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Re: Water-bourne pterosaur launch
There is, as yet, no reasonable mechanism for water launch in
pterosaurs published in the literature. However, Jim and I have done
preliminary work indicating that a quadrupedal, water-based launch
should be possible for many pterosaurs. It is a work in progress, and
we hope to have the first good set of calculations in place in time to
present the results at a meeting sometime in the 2010 season. Because
of this, I prefer not to tip our hand too much. However, a few basic
parameters of interest:
- Because water is 800+ times denser than air, pulling oneself out of
the water (initial suction effect) takes some work. However, on the
upside, pushing yourself along requires very little contact area as
the fluid forces are 800+ times greater in the water than air.
- A single leap will not suffice, given the compliance of water.
However, a quick series of pushes can do the trick - running launches
in birds are more like a series of hops than a typical run (watch the
spacing on a high-rate photo of a water-launching bird).
- Birds pull themselves up on the surface of the water by pushing on
the air with their wings and pushing on the water with their feet.
Pterosaurs appear to manage the same trick, but simply push on the
water with both the feet and wings (meaning that the wings need to
have only a very, very small contact area, relatively speaking, as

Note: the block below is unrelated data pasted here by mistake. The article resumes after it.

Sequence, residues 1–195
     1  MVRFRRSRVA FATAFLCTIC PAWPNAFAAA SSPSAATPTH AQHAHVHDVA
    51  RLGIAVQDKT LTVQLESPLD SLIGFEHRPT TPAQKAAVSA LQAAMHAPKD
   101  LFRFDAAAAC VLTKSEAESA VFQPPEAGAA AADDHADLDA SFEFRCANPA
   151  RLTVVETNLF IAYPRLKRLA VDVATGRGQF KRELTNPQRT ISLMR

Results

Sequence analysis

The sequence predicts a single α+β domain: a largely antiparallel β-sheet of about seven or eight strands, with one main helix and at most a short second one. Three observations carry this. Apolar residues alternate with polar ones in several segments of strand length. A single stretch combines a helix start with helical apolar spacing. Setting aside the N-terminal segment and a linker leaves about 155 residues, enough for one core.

they get 800x the force per unit area). As usual, birds get most of
the water launch force from the hind limbs, pterosaurs seem to get
most of the power from the forelimbs.
Assistant Professor of Biology
Woodland Road, Pittsburgh PA 15232
Buhl Hall, Room 226A
On Oct 6, 2009, at 4:54 AM, Mark Witton wrote:
Quick question: in numerous threads on pterosaur launch there's been
mentions of pterosaurs taking off from water, but, to my knowledge,
it's never really been discussed further. The mechanics of water
launching have to be quite different to those acting on
terrestrially-launching critters, and I've never really been too
sure how it would work. Anyone (and I'm particularly glancing over
at Mike and Jim here, seeing as they're typically the guys saying it
can happen) come up with a suitable mechanism for it?
Back to work.
Dr. Mark Witton
Palaeobiology Research Group
School of Earth and Environmental Sciences
University of Portsmouth
Tel: (44)2392 842418